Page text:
How Alcohol Affects the Brain
Alcohol stimulates the production of certain neurotransmitters in the brain, causing the stimulating effects first experienced when drinking. These neurotransmitters affect the pleasure centers and reward centers in the brain, making the user want more. Larger amounts of alcohol will cause depressant effects. This results in clumsiness that is often apparent when alcohol drinkers walk. Speech may also become slurred. Blurred vision, slow reaction times, and memory problems are all effects that alcohol has on the brain. When alcohol is consumed in large amount on a regular basis, some individuals may develop an addiction, often referred to as alcoholism. This occurs in certain people when the brain changes its reward pathways due to excess alcohol consumption.
How Alcohol Affects the Body
Excessive or long term use of alcoholic beverages can cause damage to different areas of the body. Brain damage may occur from the death of brain cells and changes in the neuropathways caused by alcohol use. Alcohol can increase the risk of heart disease and stroke. Alcohol use causes direct damage to the liver, resulting in an increase in the risk of liver disease and liver cancer. The throat, stomach, and pancreas are also affected by long-term alcohol use, leading to ulcers, cancers, and difficulties with metabolism and insulin.
Drinking too much alcohol over a period can lead to an overdose called alcohol poisoning. Many signs and symptoms of alcohol poisoning can vary by individual and amount of alcohol in the body. Symptoms of alcohol poisoning should be taken very seriously and require immediate medical attention. Some of the signs of alcohol poisoning include:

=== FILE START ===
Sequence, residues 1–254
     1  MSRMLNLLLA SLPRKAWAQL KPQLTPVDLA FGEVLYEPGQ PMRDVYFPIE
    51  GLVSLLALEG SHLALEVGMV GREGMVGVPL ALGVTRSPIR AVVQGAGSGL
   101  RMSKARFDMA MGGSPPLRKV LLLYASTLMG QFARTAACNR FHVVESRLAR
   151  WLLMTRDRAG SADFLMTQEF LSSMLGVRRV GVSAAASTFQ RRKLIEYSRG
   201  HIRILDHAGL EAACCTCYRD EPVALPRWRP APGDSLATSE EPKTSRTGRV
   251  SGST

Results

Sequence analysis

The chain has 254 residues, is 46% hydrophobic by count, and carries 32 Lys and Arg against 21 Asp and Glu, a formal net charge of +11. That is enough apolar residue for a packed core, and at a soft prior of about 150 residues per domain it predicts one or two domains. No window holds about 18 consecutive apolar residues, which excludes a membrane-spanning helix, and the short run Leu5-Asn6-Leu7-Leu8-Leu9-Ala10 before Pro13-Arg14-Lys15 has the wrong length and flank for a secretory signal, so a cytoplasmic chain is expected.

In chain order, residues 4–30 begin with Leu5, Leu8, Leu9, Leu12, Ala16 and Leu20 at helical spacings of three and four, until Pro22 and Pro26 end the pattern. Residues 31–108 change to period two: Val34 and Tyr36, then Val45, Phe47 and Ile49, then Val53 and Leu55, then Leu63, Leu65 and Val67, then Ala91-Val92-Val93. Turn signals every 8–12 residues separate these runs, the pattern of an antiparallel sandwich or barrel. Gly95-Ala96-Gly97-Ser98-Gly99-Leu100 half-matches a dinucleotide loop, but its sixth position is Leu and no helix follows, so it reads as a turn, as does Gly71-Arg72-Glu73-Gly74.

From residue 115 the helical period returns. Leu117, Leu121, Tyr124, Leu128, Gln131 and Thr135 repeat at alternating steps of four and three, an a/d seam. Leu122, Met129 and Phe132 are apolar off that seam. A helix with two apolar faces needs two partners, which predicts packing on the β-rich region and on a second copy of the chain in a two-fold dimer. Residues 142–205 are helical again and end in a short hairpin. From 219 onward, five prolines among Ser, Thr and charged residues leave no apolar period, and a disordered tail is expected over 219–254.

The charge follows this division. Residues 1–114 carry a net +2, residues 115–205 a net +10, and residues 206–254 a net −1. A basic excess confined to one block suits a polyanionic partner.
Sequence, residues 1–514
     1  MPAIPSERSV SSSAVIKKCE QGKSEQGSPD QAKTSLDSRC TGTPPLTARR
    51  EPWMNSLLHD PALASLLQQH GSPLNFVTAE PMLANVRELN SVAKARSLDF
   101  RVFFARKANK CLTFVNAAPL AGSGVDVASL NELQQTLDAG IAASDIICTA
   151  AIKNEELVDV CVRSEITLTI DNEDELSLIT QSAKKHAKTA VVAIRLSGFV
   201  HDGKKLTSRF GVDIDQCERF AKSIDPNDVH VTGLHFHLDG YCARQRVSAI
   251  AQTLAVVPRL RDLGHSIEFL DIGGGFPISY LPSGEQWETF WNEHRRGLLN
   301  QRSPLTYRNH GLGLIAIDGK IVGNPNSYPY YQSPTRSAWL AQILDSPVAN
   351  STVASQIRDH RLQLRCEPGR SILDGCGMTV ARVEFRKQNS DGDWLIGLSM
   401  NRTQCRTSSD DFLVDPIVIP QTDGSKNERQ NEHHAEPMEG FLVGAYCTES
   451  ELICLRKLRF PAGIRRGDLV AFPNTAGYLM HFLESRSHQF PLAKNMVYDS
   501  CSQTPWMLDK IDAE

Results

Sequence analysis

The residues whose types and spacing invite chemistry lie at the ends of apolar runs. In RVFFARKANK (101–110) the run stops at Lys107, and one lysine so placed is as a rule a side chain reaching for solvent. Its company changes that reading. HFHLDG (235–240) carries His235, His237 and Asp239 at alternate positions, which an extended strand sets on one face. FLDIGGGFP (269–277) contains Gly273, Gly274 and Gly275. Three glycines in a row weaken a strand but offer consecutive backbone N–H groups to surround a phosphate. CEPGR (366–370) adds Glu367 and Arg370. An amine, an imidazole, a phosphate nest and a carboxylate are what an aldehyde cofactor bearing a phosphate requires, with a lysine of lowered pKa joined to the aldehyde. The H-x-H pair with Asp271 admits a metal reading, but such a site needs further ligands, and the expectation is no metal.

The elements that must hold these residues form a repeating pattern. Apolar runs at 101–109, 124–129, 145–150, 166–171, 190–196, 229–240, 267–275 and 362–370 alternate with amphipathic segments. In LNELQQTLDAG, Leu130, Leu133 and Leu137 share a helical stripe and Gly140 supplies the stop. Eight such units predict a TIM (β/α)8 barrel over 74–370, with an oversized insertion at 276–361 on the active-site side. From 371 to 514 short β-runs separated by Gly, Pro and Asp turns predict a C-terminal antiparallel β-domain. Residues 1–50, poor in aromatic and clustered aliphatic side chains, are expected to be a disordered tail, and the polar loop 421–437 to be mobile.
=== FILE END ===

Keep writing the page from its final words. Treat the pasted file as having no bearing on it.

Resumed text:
- Mental confusion or stupor
- Depressed respiration
- Irregular breathing
- Bluish tint to lips or skin
- Unconsciousness with inability to awaken
- Low body temperature
Without proper medical intervention, severe alcohol poisoning can be a critical condition and even lead to death.
What Is Alcohol Abuse?
Alcohol abuse is the continued and intentional misuse of alcohol. Those who abuse alcohol continue to use despite negative consequences. There are several signs and symptoms that determine if a person is abusing alcohol. These include:
- Avoiding responsibilities due to drinking or recovering from the effects of drinking
- Engaging in risky behaviors while drinking
- Continued use despite repeated legal problems
- Continued use despite problems with family, friends, and social networks
- Drinking to reduce stress and mood issues
Those who abuse alcohol are at an increased risk of developing an alcohol addiction, or alcoholism.
What Is Alcohol Addiction or Alcoholism?
Alcoholism is considered to be a disease in which those who use alcoholic beverages no longer have control over their drinking and continue to drink regardless of the problems it causes. They may have tried quitting many times without success. Alcoholics have given up previously enjoyable activities, as most of their time and effort is involved in obtaining, using, and recovering from alcohol. Two of the telltale signs that someone has become dependent on alcohol are increased tolerance, needing more alcohol to obtain the same effects, and experiencing withdrawal symptoms when trying to quit or going without alcohol after a period.
Getting Help from Alcohol Abuse and Alcohol Addiction
It is important for those who experience alcohol abuse or alcoholism to seek out professional help to overcome their issues with alcohol. This is because addiction is a complex disease requiring a person to learn ways to cope with the stresses of daily life while working around the issues associated with addiction. Those who wish to quit using alcohol should consider a supervised detoxification process as well. Withdrawal from alcohol can be extremely painful, as well as a dangerous situation for those who have drank for long periods of time.